Teaming up with your Primary Care Physician
Powerful Patient, 2008 Week 28
Joyce Graff, host, on webtalkradio.net
Beginning July 7, 2008
Program guide for this show
Phyllis Hollenbeck, MD
Dr. Phyllis Hollenbeck talks about how a Primary Care Physician can be the key member of your health care team, helping to treat the whole person and coordinate the input of various specialists. Examples include diagnosing headaches and Lyme disease.
About Our Guest
Phyllis Hollenbeck has been a Family Physician for thirty years and is the author of Sacred Trust. She is an honors graduate of Brown University, as well as its medical school. The product of a combined liberal arts premedical program, she remains a shameless proponent of this type of “well-rounded” education for physicians. She chose Family Medicine as her specialty, and her career has encompassed solo and group practice, academic teaching, and administrative leadership – with the common thread of working to make medicine do its best.
Board-certified and a Fellow of the American Academy of Family Physicians, Dr. Hollenbeck currently mothers three children, makes music, puts mind to laptop, and sees patients outside of Washington, DC. Dr. Phyllis Hollenbeck’s website can be found at http://www.hollenbeckmd.com.
Program guide for this show
When to Fire Your Doctor
Dr. Hollenbeck feels strongly that consumers must demand the same quality service from their health care providers that they expect in other areas of their life.
From the moment people walk into their doctor’s office, they immediately play a subservient role. The American Medical Association says that each patient waits an average of 20 minutes before their physician sees them. Once in their presence, the average doctor – specialized or not – spends just seven minutes in total with the patient and only allows an average of 18 seconds to explain the symptoms before they interrupt.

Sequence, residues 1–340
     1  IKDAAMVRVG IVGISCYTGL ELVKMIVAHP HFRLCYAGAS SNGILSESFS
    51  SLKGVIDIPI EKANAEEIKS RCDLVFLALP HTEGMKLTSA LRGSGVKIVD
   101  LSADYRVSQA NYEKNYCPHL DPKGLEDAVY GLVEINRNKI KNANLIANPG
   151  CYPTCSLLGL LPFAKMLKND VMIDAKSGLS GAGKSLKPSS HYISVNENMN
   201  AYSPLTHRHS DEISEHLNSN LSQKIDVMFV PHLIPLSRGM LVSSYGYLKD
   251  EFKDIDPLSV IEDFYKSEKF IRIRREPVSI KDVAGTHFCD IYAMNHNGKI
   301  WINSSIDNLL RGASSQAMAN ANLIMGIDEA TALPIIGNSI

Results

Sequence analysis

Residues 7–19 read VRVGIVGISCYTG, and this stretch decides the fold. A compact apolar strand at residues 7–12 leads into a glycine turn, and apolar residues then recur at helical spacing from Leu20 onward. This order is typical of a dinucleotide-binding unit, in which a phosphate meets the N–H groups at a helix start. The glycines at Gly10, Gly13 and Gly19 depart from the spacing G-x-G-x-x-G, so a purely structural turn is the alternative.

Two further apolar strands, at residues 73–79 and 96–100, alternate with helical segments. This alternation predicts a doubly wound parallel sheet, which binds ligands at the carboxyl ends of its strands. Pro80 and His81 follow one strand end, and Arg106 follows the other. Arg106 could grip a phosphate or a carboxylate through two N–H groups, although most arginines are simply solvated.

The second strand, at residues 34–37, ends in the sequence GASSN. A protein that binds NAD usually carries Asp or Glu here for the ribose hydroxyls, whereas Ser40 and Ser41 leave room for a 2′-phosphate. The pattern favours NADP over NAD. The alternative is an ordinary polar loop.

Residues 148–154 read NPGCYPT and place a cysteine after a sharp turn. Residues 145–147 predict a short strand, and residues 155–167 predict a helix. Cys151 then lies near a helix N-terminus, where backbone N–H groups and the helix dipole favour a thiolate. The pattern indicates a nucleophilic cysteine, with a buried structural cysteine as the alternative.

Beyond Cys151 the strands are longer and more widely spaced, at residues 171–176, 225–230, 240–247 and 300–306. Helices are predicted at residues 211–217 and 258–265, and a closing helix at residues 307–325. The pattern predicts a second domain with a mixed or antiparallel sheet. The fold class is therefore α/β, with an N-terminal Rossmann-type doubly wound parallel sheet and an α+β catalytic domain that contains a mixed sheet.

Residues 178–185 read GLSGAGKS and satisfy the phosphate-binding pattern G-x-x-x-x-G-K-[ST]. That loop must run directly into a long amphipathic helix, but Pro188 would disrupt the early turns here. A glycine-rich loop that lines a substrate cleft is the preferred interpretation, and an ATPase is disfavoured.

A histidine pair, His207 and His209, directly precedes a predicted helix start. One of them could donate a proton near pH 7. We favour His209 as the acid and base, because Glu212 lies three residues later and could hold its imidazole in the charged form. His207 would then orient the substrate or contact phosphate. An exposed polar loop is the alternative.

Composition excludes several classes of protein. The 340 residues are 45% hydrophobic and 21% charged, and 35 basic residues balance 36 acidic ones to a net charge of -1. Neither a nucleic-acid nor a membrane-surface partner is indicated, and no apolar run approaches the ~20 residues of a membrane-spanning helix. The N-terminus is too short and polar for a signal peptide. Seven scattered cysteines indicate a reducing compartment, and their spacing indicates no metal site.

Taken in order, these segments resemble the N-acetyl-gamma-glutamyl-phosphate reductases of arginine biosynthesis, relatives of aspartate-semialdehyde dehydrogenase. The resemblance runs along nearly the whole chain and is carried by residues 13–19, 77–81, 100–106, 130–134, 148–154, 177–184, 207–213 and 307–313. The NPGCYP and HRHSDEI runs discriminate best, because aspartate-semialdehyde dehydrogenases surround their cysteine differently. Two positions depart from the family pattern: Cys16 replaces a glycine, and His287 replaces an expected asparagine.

“Medicine is a service profession,” says Dr. Hollenbeck, author of the book, Sacred Trust: The Ten Rules of Life, Death, and Medicine. “It should be a humbling experience to have the chance to be a physician – not a passport to arrogance.”
“Many patients feel they have no power in a doctor’s office,” Dr. Hollenbeck says, “but in fact they hold all the power. They are employing the doctor, and have every right to, in effect, fire them if they are not satisfied with the service being provided.”
The patient empowerment advocated in Sacred Trust is completely congruent with the Powerful Patient’s Eight Ways to help your doctor Save Your Life. She provides hints for opening lines of communication in the examination room, thereby leading to a higher quality of healthcare. Not only does she advocate creating teamwork between the patient and the Family Physician, she describes the teamwork approach she follows as a Family Physician, coordinating with the specialists she may send a patient to for additional specialized input.
“Doctoring is about understanding the connection between medical science and the human spirit. From the moment the doctor opens the exam room door, people need to be put at ease so they can tell their story. As an old saying goes, ‘Most [people] would rather have you hear their story than grant their wish.’ – and the ability to correctly diagnose a patient demands it. Their life is in our hands, so it’s only fair that our job security is in theirs.”
Finally, Dr. Hollenbeck wants people to know how to fight for MORE family physicians – and why they are declining in numbers in American medicine. “We [family physicians] are often a patient’s first, last, and best chance – and we need to be the center of excellence in medical care.”